"33. … that in order that the practices in question should be treated as a part of religion they must be regarded by the said religion as its essential and integral part; otherwise even purely secular practices which are not an essential or an integral part of religion are apt to be clothed with a religious form and may make a claim for being treated as religious practices within the meaning of Article 26. Similarly, even practices though religious may have sprung from merely superstitious beliefs and may in that sense be extraneous and unessential accretions to religion itself. Unless such practices are found to constitute an essential and integral part of a religion their claim for the protection under Article 26 may have to be carefully scrutinised; in other words, the protection must be confined to such religious practices as are an essential and an integral part of it and no other."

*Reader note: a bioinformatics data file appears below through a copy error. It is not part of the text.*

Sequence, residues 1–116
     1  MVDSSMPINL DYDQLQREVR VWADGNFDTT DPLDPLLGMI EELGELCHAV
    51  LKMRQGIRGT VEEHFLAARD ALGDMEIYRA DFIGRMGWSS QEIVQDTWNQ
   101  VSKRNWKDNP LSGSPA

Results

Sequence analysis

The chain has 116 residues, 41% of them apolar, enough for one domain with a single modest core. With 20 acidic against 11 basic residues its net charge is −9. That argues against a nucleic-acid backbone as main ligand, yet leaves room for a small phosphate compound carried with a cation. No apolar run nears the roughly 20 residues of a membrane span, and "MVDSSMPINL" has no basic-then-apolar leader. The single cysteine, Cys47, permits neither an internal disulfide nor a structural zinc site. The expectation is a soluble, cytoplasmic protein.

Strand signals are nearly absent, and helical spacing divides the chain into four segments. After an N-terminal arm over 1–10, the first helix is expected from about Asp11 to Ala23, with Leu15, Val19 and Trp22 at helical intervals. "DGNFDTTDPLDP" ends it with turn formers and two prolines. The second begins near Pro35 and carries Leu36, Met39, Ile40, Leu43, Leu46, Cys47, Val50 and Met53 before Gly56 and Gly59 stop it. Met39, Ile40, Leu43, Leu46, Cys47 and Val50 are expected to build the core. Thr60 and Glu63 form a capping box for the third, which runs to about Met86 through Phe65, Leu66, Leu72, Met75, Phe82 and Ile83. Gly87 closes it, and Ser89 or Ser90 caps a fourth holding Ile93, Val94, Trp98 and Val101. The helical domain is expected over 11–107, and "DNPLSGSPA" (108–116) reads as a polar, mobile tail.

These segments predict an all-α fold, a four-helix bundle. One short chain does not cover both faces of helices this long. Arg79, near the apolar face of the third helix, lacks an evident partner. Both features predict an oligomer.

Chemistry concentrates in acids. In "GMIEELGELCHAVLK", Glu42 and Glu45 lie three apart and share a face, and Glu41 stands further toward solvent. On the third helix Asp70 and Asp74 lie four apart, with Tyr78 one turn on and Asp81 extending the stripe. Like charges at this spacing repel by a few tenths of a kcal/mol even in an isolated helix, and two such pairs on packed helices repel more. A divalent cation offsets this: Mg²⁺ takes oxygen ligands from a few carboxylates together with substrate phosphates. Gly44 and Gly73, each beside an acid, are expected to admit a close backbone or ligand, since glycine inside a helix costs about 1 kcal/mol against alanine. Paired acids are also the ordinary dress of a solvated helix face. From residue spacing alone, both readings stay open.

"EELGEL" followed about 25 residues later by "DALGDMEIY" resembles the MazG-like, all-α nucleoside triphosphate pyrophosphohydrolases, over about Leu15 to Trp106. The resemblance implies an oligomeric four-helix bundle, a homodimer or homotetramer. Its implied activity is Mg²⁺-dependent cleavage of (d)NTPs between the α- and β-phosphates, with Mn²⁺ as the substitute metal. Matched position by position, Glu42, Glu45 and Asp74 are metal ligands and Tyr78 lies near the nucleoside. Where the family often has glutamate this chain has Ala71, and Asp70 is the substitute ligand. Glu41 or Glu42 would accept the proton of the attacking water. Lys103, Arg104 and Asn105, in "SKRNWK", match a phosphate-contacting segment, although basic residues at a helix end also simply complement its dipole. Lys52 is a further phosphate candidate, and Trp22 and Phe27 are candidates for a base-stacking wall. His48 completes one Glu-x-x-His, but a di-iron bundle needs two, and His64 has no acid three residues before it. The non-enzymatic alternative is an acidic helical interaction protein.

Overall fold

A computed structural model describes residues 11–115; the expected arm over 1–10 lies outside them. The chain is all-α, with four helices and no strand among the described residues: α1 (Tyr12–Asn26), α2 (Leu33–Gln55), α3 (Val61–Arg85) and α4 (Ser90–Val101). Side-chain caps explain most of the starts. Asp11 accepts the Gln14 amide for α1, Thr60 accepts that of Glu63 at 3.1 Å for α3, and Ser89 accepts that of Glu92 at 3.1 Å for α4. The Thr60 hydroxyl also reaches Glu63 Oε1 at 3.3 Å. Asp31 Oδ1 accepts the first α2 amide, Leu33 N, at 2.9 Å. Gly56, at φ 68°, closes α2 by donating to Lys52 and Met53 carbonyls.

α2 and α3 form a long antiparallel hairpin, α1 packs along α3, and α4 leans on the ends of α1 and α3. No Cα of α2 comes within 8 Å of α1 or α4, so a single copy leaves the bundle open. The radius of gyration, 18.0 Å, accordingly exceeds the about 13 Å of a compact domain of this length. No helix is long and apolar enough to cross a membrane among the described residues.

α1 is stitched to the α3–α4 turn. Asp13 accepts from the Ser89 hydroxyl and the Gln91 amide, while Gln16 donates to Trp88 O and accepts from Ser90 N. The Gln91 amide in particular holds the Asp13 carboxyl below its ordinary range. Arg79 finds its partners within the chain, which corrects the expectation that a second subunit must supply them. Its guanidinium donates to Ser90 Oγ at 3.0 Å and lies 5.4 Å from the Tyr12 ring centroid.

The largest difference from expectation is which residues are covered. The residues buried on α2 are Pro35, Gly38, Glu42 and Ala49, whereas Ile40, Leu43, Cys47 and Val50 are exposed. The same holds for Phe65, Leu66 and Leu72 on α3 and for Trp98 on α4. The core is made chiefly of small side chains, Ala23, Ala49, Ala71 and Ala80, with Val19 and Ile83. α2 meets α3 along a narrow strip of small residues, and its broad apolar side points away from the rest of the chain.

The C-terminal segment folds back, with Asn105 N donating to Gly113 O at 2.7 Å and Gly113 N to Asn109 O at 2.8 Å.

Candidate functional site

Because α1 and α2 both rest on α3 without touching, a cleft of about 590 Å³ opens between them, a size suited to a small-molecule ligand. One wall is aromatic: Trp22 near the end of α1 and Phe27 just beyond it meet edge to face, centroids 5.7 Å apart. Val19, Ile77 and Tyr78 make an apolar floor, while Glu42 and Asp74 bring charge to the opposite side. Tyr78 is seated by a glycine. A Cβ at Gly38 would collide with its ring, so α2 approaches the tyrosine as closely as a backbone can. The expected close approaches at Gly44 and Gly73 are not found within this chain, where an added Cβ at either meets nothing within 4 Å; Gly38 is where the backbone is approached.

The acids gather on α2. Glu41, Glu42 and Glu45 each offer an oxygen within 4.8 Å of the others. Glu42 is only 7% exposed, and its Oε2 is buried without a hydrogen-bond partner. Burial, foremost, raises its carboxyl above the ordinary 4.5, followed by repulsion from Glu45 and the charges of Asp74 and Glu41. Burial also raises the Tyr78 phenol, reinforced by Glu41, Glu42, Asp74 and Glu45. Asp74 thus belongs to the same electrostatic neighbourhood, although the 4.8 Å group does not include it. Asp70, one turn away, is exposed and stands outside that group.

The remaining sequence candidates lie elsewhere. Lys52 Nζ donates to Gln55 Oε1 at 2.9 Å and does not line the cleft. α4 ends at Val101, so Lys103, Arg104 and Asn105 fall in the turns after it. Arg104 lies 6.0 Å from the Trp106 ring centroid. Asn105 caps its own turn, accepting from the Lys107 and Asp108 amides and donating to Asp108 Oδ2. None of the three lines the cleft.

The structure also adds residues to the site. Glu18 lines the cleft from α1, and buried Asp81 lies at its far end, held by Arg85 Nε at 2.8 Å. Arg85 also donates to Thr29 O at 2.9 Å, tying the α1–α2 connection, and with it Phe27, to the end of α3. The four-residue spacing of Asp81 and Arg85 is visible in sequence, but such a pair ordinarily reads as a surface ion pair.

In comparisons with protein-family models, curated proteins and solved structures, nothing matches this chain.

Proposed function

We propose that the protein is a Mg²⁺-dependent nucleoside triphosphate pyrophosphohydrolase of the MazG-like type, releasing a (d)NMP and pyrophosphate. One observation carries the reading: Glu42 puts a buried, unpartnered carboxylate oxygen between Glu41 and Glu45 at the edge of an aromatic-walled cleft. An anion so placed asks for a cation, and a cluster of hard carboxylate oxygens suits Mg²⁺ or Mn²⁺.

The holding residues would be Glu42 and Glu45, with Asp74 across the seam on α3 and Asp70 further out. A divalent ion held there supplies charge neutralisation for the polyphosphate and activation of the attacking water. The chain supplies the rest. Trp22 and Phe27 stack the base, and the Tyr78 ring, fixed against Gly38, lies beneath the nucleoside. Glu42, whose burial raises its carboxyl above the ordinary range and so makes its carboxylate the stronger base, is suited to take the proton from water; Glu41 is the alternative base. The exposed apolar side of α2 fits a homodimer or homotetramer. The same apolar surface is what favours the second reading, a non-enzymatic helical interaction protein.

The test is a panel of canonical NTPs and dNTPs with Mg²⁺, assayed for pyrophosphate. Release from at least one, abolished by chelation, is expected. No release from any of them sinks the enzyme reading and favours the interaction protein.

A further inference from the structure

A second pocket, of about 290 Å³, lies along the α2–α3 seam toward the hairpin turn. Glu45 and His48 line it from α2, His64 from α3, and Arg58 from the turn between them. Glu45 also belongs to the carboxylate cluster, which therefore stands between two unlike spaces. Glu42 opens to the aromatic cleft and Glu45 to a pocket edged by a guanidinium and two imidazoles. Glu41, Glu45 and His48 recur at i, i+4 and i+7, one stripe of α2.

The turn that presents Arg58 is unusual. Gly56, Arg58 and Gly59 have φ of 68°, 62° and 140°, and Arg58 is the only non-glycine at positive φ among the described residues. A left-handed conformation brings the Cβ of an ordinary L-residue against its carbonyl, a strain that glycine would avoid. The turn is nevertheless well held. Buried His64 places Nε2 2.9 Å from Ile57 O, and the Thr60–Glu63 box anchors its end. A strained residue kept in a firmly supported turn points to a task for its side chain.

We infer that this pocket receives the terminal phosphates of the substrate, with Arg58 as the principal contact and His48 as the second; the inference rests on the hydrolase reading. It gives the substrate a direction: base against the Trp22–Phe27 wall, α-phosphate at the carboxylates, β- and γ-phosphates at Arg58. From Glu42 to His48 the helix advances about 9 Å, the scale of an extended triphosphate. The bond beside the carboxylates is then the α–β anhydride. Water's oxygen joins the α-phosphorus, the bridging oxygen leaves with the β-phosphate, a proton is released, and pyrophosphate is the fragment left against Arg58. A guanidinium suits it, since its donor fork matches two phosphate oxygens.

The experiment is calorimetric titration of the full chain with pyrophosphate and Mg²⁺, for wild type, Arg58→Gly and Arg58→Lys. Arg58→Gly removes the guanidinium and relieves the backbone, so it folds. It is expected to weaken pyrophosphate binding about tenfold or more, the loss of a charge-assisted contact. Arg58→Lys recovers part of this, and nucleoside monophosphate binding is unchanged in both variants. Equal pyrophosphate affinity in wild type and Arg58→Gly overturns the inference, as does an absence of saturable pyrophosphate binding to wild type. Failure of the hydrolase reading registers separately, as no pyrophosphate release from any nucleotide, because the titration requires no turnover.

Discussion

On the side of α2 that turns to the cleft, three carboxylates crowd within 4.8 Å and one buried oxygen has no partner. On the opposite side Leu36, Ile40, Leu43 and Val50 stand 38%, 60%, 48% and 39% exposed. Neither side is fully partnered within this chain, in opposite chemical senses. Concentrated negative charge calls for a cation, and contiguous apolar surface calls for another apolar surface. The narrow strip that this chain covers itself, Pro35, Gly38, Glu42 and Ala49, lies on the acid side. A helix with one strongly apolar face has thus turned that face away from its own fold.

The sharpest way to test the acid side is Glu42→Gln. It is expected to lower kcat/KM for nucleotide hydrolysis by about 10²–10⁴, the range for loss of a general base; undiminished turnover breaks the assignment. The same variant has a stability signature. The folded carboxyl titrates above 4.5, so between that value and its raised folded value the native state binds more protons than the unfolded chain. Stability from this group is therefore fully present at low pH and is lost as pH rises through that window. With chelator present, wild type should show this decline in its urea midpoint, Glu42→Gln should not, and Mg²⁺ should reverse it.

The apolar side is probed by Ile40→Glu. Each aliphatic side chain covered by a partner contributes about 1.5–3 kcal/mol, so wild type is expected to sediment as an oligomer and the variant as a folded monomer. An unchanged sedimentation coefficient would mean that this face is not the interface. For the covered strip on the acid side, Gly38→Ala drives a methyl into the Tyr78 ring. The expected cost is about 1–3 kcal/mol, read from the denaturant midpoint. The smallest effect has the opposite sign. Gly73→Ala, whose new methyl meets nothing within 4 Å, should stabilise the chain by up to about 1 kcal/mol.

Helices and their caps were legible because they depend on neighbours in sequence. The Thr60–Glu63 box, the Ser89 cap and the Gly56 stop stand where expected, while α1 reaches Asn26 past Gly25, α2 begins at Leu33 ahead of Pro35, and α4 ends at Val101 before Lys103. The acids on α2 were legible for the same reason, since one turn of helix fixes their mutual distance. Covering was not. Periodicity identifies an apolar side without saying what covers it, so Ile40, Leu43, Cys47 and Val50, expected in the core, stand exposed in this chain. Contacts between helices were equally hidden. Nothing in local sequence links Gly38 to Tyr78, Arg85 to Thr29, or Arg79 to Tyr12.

This brings us to the all-important question- What is a Hijab and does the Quran mandatorily prescribe the Hijab for women?
A hijab is a religious veil worn by certain Muslim women in public, which covers the head and chest, and sometimes the face.
There are several authorities which emphasize that the Quran does not prescribe the Hijab as a compulsory article of clothing for a Muslim woman.
The word hijab does not occur in Qur'an for veiling the face of an ordinary Muslim woman. It was only meant for the wives of the Prophet; the Bedouin Arabs would talk freely with the Prophet's wives after dinner, not being acquainted with the pertinent cultural norms. The Prophet did not like it and hence it was revealed that men should leave after dinner; if they talk with the wives of the Prophet, they should talk from behind the curtain, hijab. For other women, the word hijab or burqa does not occur in the Qur'an at all.
In Ajmal Khan vs. The Election Commission of India (2006 SCC OnLine Mad 794), it has been held by the Madras High Court that:
"13. The Canadian writers Syed Mumtaz Ali and Rabia Mills in their essay Social Degradation of Women - a Crime and a Libel on Islam explain: